# Is Floating point addition and multiplication associative?

I had a problem when I was adding three floating point values and comparing them to 1.

``````cout << ((0.7 + 0.2 + 0.1)==1)<<endl;     //output is 0
cout << ((0.7 + 0.1 + 0.2)==1)<<endl;     //output is 1
``````

Why would these values come out different?

• Your example code differs in commutativity , not associativity. A version demonstrating associativity would be `(0.7 + (0.1 + 0.2))` – M.M Jun 22 '14 at 20:50
• @MattMcNabb: + is a binary operation. With floating-point operands, it is commutative but not associative. Thus, if you have two expressions that produce different results, you cannot form one from the other by applying only commutativity. – tmyklebu Jun 26 '14 at 19:39
• @tmyklebu OK, so this does check associativity if and only if it is known that commutativity holds. (The C++ standard does not appear to guarantee commutativity). – M.M Jun 27 '14 at 1:27

Floating point addition is not necessarily associative. If you change the order in which you add things up, this can change the result.

The standard paper on the subject is What Every Computer Scientist Should Know about Floating Point Arithmetic. It gives the following example:

Another grey area concerns the interpretation of parentheses. Due to roundoff errors, the associative laws of algebra do not necessarily hold for floating-point numbers. For example, the expression (x+y)+z has a totally different answer than x+(y+z) when x = 1e30, y = -1e30 and z = 1 (it is 1 in the former case, 0 in the latter).

What is likely, with currently popular machines and software, is:

The compiler encoded `.7` as 0x1.6666666666666p-1 (this is the hexadecimal numeral 1.6666666666666 multiplied by 2 to the power of -1), `.2` as 0x1.999999999999ap-3, and `.1` as 0x1.999999999999ap-4. Each of these is the number representable in floating-point that is closest to the decimal numeral you wrote.

Observe that each of these hexadecimal floating-point constants has exactly 53 bits in its significand (the "fraction" part, often inaccurately called the mantissa). The hexadecimal numeral for the significand has a "1" and thirteen more hexadecimal digits (four bits each, 52 total, 53 including the "1"), which is what the IEEE-754 standard provides for, for 64-bit binary floating-point numbers.

Let's add the numbers for `.7` and `.2`: 0x1.6666666666666p-1 and 0x1.999999999999ap-3. First, scale the exponent of the second number to match the first. To do this, we will multiply the exponent by 4 (changing "p-3" to "p-1") and multiply the significand by 1/4, giving 0x0.66666666666668p-1. Then add 0x1.6666666666666p-1 and 0x0.66666666666668p-1, giving 0x1.ccccccccccccc8p-1. Note that this number has more than 53 bits in the significand: The "8" is the 14th digit after the period. Floating-point cannot return a result with this many bits, so it has to be rounded to the nearest representable number. In this case, there are two numbers that are equally near, 0x1.cccccccccccccp-1 and 0x1.ccccccccccccdp-1. When there is a tie, the number with a zero in the lowest bit of the significand is used. "c" is even and "d" is odd, so "c" is used. The final result of the addition is 0x1.cccccccccccccp-1.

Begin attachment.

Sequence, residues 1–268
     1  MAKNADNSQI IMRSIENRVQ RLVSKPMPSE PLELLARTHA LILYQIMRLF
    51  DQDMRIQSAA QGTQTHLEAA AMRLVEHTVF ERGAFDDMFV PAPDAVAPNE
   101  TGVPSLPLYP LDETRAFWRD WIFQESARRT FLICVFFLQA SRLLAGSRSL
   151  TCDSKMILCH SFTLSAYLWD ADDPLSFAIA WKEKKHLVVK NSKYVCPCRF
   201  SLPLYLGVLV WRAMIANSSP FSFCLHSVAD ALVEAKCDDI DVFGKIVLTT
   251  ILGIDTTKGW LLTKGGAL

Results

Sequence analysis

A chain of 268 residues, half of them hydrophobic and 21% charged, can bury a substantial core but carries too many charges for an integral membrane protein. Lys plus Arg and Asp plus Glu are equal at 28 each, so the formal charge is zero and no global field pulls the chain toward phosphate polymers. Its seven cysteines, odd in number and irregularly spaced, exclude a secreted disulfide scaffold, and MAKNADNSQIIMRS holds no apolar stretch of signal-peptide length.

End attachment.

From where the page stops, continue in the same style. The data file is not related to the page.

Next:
Next, add the number for `.1` (0x1.999999999999ap-4) to that. Again, we scale to make the exponents match, so 0x1.999999999999ap-4 becomes 0x.33333333333334p-1. Then add that to 0x1.cccccccccccccp-1, giving 0x1.fffffffffffff4p-1. Rounding that to 53 bits gives 0x1.fffffffffffffp-1, and that is the final result of `.7+.2+.1`.

Now consider `.7+.1+.2`. For `.7+.1`, add 0x1.6666666666666p-1 and 0x1.999999999999ap-4. Recall the latter is scaled to 0x.33333333333334p-1. Then the exact sum is 0x1.99999999999994p-1. Rounding that to 53 bits gives 0x1.9999999999999p-1.

Then add the number for `.2` (0x1.999999999999ap-3), which is scaled to 0x0.66666666666668p-1. The exact sum is 0x2.00000000000008p-1. Floating-point significands are always scaled to start with 1 (except for special cases: zero, infinity, and very small numbers at the bottom of the representable range), so we adjust this to 0x1.00000000000004p0. Finally, we round to 53 bits, giving 0x1.0000000000000p0.

Thus, because of errors that occur when rounding, `.7+.2+.1` returns 0x1.fffffffffffffp-1 (very slightly less than 1), and `.7+.1+.2` returns 0x1.0000000000000p0 (exactly 1).

• @Evg: The numbers I have in text are mathematical numbers and are not source code or floating-point numbers. They should not be put into source code style. Various things I have written in quotes, such as “.7+.1+.2”, do represent computations made with floating-point arithmetic and could be shown in source code format rather than quotations, so I would consider approving that as an edit. – Eric Postpischil Sep 7 '18 at 21:39
• @Evg: It would not be a bad idea to put some of the “computed” numbers, as opposed to the exact mathematical numbers, in source code style, so I will look at that. – Eric Postpischil Sep 7 '18 at 21:49

Floating point multiplication is not associative in C or C++.

Proof:

``````#include<stdio.h>
#include<time.h>
#include<stdlib.h>
using namespace std;
int main() {
int counter = 0;
srand(time(NULL));
while(counter++ < 10){
float a = rand() / 100000;
float b = rand() / 100000;
float c = rand() / 100000;

if (a*(b*c) != (a*b)*c){
printf("Not equal\n");
}
}
printf("DONE");
return 0;
}
``````

In this program, about 30% of the time, `(a*b)*c` is not equal to `a*(b*c)`.

• or 0% of the time if `RAND_MAX < 100000` ! – M.M Jun 22 '14 at 20:54